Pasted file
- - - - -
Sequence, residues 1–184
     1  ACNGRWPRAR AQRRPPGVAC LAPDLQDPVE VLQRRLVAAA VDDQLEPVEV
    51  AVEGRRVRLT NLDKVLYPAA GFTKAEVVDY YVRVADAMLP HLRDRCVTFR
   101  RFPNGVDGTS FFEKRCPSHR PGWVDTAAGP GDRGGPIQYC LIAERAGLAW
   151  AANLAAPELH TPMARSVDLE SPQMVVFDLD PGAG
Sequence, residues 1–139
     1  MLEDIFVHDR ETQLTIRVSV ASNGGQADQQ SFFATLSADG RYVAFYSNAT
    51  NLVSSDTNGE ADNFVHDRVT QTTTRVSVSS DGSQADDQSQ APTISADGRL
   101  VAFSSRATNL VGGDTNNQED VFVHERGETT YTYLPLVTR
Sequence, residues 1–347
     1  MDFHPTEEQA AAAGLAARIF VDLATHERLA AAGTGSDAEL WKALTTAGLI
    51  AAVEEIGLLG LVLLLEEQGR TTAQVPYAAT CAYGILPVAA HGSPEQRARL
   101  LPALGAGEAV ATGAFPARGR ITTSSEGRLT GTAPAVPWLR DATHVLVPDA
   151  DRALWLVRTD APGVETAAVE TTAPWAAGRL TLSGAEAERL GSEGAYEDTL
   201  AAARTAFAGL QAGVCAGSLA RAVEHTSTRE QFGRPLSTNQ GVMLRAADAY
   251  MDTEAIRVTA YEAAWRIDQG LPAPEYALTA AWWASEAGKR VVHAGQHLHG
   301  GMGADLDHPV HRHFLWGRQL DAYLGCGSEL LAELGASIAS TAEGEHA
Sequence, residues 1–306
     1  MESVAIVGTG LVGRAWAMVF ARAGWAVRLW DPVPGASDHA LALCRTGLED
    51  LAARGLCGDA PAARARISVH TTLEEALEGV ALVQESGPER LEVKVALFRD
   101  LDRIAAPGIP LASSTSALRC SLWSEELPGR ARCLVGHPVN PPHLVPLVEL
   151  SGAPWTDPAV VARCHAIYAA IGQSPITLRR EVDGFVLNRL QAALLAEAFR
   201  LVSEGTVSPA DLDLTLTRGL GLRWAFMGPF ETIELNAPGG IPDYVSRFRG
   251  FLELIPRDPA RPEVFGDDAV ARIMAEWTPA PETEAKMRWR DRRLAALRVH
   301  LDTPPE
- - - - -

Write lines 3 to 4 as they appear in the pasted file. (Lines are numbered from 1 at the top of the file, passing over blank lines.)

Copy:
    51  AVEGRRVRLT NLDKVLYPAA GFTKAEVVDY YVRVADAMLP HLRDRCVTFR
   101  RFPNGVDGTS FFEKRCPSHR PGWVDTAAGP GDRGGPIQYC LIAERAGLAW